The absence of some stellar players owing to injury, fatigue or other reasons has taken the sheen off the Indian Premier League (IPL) this year—but only a bit. Over the past nine seasons, I believe, the league has become robust enough to withstand sudden shocks and setbacks.
Players of the calibre of R. Ashwin, K. L. Rahul, Mitchell Starc, Jean-Paul Duminy, Mitchell Marsh and Quinton de Kock, who will not be able to take part at all, and Virat Kohli, Ravindra Jadeja and Umesh Yadav, who are likely to join a week or two later, cannot be replaced easily. But this will matter more to their franchisees than the tournament.
Of course this premise holds only in the case of an aberration, not if it’s a regular occurrence. The IPL is driven essentially by the participation of the best practitioners of the sport. They draw in franchisees, sponsors, broadcasters and, most importantly, fans.
Without star players, the entire ecosystem of the IPL would be endangered, which is why it is imperative that the Board of Control for Cricket in India (BCCI; and by extension, other cricket boards too since Twenty20 leagues have proliferated) study and analyse how such a situation can be averted in the future.
Largely, it has to do with player workload. Some rationalization has become necessary, but there is no simple solution. International fixtures must be prioritized, yet cash-rich Twenty20 leagues can’t be ignored either. Cricket’s administrators have a job on hand.
The IPL, of course, remains the most high-profile, most lucrative and most engaging of these leagues, and as the 10th season kicks off, my mind goes back to the first one in 2008, when it took the cricket world by storm, finishing among the top 10 valued sports properties within just eight weeks.
There had been serious misgivings when the league was announced. While cricket was already commercialized and had moved away substantially from being a “Gentleman’s Game”, the changes wrought by the IPL were thoroughly disruptive.
Big businessmen buying teams was seen as a crass sell-out, the agony for traditionalists accentuated by the manner in which players were auctioned (some critics likened it to the sale of cattle), the deployment of cheerleaders, and not least, the massive “Bollywoodization” of the product.
Indeed, the word “product” itself seemed anathema to purists. But by the time the tournament ended, it had become the biggest blockbuster in the history of cricket.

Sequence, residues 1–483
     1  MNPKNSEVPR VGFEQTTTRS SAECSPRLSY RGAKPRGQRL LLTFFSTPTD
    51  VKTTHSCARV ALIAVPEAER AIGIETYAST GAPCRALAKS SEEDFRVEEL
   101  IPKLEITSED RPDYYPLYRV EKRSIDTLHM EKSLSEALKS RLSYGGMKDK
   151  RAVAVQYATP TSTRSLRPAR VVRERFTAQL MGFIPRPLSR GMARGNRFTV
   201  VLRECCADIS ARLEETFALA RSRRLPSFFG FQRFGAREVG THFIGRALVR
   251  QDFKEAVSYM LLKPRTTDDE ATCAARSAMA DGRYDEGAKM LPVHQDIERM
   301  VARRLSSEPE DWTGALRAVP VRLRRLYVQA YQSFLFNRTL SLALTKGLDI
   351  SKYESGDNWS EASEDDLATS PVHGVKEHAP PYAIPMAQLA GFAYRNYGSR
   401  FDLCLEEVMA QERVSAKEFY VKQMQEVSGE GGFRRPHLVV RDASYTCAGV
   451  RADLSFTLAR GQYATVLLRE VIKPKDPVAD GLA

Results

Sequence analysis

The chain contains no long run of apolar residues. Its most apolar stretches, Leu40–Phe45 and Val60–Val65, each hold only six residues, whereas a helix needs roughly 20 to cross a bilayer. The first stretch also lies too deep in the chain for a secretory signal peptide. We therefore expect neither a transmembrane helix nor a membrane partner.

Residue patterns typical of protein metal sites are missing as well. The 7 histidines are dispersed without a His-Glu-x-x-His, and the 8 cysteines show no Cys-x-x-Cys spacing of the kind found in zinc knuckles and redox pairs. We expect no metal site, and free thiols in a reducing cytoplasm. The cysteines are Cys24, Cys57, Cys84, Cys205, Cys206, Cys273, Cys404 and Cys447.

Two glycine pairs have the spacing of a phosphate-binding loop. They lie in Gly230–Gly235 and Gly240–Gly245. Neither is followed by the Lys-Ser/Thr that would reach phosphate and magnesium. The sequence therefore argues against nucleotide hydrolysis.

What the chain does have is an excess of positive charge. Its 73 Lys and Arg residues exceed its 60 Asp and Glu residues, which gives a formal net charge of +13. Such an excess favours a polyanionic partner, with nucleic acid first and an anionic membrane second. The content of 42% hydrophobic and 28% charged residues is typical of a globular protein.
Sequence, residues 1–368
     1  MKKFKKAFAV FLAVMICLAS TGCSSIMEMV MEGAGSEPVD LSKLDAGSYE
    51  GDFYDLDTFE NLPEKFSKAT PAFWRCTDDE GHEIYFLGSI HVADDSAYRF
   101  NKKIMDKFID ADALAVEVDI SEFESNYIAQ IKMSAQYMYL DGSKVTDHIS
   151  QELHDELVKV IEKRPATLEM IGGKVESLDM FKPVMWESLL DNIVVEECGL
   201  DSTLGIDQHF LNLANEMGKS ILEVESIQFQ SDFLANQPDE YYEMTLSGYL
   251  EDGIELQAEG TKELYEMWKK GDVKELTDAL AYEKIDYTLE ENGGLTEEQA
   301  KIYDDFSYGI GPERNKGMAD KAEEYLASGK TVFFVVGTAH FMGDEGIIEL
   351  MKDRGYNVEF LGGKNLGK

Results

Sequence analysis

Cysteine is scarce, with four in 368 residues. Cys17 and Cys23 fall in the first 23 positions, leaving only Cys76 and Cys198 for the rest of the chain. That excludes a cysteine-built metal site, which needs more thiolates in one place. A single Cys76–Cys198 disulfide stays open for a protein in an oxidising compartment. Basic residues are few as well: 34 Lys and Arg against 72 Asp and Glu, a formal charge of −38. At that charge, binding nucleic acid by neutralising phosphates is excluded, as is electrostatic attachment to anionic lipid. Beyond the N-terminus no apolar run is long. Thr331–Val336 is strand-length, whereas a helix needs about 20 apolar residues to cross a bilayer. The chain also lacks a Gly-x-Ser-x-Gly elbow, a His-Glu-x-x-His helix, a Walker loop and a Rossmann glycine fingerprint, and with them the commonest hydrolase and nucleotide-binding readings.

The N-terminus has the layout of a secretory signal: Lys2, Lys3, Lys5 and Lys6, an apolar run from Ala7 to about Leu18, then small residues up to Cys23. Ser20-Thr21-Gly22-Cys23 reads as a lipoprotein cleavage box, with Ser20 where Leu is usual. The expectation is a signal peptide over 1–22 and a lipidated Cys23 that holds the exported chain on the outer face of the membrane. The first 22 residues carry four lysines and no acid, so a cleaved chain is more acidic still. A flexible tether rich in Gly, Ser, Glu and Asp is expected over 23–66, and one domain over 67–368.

Clearly, India’s sensational triumph in the inaugural Twenty20 World Championship in 2007 had created a palate among Indian fans for this format. Even so, however, such unqualified success was unexpected.
In fact, the IPL was not just another cricket tournament but a sociological phenomenon that reflected the upheaval roiling India’s ethos and psyche. In a piece I did for the website Cricinfo.com on the eve of the third edition in 2010, I wrote:
“The IPL could be seen as a metaphor for the emerging India, warts and all: freed from economic shackles, playing with recently acquired affluence and (over)confidence.
“Often with such new confidence comes brashness, yet that brashness also provides the energy for further growth—both economic and social. To say that what existed in the past is binding on the future is to be patronizing and, seen in the larger sweep of history, quite silly.
“India is a billion-strong country with a robust economy; its people now feel empowered to make choices, and who is to tell them what cricket to watch and how?’’
The IPL has been a roller-coaster ride in the past decade. Careers have been made and unmade, millions of dollars have been spent, earned, invested, squandered. It has provided some of the most exhilarating mass entertainment and also been stricken by controversies—some of them deadly serious—but it has survived.
In its 10th season, the initial shock and awe at what the IPL stood for has given way to universal acceptance (even if grudgingly so from purists) and a sense of anticipation among fans that has grown deep roots. It is here to stay.
Ayaz Memon is a senior columnist who writes on sports and other matters.